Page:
[by the way, I won't say it's a terrible thing for a VIDEO GAME (such as the one on which The Witcher is based) to have an over-the-top badass of a protagonist who looks like a Targaryan-skinned Drizz't the Drow. One player CRPGs are generally exercises in mental masturbation anyway, with no serious challenge and just an interest in playing out some creator's particularly constructed story line in an awesome fashion...they are guilty pleasures and I've played my share over the years. But it's embarrassing for a TV show or film, and shameful in most tabletop games]

So it was around 2:30am or so that I finally dragged myself conscious enough that I could turn the damn thing off, mercifully cutting short some elf bitching and moaning about how humans gave their race a raw deal (gee, never heard that kind of thing before) and thus "we hates 'em forever" ...whereupon I discover the TV show behind the Netflix to be Alien Resurrection, a film I've never before seen, despite generally enjoying the franchise (at least enough to watch the first three films more than a couple times). Not only was it interesting enough that it brought me fully awake, but after 5 minutes of watching I enjoyed it enough that I restarted the movie (ahh...the magic of On Demand television), only forcing myself to turn it off an hour in so that I could get SOME sleep before starting the Wednesday routine (ahh...the curse of On Demand television).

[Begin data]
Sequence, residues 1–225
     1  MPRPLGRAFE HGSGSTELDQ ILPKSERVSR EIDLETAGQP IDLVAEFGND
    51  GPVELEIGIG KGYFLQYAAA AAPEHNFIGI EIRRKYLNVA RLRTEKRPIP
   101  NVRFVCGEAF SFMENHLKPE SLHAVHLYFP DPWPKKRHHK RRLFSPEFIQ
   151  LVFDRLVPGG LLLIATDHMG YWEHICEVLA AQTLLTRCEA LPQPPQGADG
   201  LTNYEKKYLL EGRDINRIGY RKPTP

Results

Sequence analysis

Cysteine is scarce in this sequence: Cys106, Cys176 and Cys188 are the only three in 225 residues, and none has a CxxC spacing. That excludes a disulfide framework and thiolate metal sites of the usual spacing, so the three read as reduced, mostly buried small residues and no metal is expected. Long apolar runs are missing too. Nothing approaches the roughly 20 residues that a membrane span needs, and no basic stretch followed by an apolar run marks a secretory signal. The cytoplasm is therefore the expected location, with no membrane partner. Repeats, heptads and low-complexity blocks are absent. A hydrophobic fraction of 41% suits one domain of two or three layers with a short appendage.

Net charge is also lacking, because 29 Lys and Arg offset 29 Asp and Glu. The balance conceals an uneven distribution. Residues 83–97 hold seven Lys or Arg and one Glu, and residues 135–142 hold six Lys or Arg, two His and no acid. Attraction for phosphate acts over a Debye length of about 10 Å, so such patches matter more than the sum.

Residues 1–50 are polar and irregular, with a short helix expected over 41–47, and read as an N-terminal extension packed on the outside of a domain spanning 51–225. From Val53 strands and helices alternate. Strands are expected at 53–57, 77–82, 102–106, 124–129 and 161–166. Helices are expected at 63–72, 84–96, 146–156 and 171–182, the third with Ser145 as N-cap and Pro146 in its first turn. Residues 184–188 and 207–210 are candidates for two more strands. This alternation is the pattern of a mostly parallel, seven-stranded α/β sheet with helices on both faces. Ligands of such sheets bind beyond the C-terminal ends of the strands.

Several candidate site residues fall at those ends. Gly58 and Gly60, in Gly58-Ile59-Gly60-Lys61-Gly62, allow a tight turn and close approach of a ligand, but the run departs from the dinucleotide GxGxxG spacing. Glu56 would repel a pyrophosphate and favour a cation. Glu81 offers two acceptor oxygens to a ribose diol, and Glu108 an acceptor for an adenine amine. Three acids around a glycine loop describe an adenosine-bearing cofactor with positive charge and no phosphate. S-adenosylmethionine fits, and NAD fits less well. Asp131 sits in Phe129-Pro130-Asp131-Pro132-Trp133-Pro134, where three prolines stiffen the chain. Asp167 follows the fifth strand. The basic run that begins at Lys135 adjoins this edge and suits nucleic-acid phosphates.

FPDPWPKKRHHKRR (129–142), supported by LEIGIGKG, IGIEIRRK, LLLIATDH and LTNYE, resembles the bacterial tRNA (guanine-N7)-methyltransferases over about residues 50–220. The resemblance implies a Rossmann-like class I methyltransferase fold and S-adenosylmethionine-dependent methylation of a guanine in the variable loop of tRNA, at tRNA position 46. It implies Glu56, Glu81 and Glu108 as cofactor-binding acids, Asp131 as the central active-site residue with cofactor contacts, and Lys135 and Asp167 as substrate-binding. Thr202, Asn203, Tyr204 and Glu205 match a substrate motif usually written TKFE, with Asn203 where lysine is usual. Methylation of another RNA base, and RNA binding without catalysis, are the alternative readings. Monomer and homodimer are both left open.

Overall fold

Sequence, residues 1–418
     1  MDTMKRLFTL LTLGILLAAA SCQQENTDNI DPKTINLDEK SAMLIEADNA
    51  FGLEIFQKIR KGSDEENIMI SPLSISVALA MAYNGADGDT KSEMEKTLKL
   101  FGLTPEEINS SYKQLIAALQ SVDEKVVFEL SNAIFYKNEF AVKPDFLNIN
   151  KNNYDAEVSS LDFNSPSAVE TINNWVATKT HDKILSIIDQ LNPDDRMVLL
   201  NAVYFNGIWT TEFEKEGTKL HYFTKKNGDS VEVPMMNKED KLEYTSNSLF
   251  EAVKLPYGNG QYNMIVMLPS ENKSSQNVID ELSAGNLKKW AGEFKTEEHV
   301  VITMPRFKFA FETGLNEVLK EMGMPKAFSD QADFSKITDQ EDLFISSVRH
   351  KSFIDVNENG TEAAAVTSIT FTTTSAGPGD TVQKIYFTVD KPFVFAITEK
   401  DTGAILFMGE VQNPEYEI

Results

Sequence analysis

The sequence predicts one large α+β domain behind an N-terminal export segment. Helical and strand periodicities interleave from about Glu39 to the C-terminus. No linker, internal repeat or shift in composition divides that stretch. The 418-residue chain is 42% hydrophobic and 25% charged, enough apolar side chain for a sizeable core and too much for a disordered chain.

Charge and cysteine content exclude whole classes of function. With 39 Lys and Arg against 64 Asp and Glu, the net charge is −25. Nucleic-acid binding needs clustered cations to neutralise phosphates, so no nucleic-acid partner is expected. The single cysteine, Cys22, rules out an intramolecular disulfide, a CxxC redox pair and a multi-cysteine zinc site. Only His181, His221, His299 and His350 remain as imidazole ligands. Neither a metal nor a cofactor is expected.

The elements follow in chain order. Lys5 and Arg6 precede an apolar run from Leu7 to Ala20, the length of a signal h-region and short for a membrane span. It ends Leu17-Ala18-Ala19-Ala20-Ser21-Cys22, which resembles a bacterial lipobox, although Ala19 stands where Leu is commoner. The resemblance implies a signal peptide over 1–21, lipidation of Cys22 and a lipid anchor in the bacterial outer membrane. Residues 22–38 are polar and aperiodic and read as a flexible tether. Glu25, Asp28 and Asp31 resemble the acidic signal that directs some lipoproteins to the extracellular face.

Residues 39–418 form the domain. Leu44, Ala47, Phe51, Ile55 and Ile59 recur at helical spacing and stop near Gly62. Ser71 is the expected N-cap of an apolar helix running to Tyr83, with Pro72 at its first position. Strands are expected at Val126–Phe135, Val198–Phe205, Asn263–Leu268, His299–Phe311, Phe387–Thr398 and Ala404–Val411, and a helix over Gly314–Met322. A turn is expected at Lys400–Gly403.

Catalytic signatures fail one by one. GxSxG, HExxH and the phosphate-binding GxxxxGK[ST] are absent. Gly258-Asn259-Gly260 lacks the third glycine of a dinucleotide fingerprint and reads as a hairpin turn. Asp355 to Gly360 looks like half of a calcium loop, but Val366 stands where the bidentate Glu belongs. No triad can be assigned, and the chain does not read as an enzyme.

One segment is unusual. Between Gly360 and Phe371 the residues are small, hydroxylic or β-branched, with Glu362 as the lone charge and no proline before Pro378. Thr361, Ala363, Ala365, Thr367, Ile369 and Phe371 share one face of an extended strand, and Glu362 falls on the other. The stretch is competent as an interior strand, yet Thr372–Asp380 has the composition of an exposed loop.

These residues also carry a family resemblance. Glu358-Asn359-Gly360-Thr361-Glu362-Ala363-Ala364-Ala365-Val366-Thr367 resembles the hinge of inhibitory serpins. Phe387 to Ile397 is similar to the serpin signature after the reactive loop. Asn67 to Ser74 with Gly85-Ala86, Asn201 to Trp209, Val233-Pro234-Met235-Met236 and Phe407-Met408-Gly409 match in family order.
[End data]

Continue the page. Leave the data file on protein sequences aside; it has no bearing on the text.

Not that Alien Resurrection is a fantastic piece of cinema by ANY stretch. Spoiler Alert: it shares the same plot as pretty much every film in the franchise (humans underestimate xenomorphic entity and bloody massacre ensues within a claustrophobic labyrinth of a setting). Film doesn't even have the interesting bits found in the earlier franchise installments...loving attention to technophile detail, subverted genre tropes, brilliant character acting...instead being, well, a pastiche of the genre and about what you'd expect (it DOES have great character actors...including Ron Perlman, Dominique Pinon, and Dan Hedaya...but they're largely wasted in a mediocre script).

However, at least there's an ensemble cast of characters, each on about equal footing in terms of both competence and fragility, and that piques some interest...even if it's only of the death pool variety.

And seeing this, and comparing and contrasting the two (the film and the TV show) in terms of what they both build, and mulling it over last night and this morning, I find myself calcifying some thoughts I've been having a LOT the last couple weeks.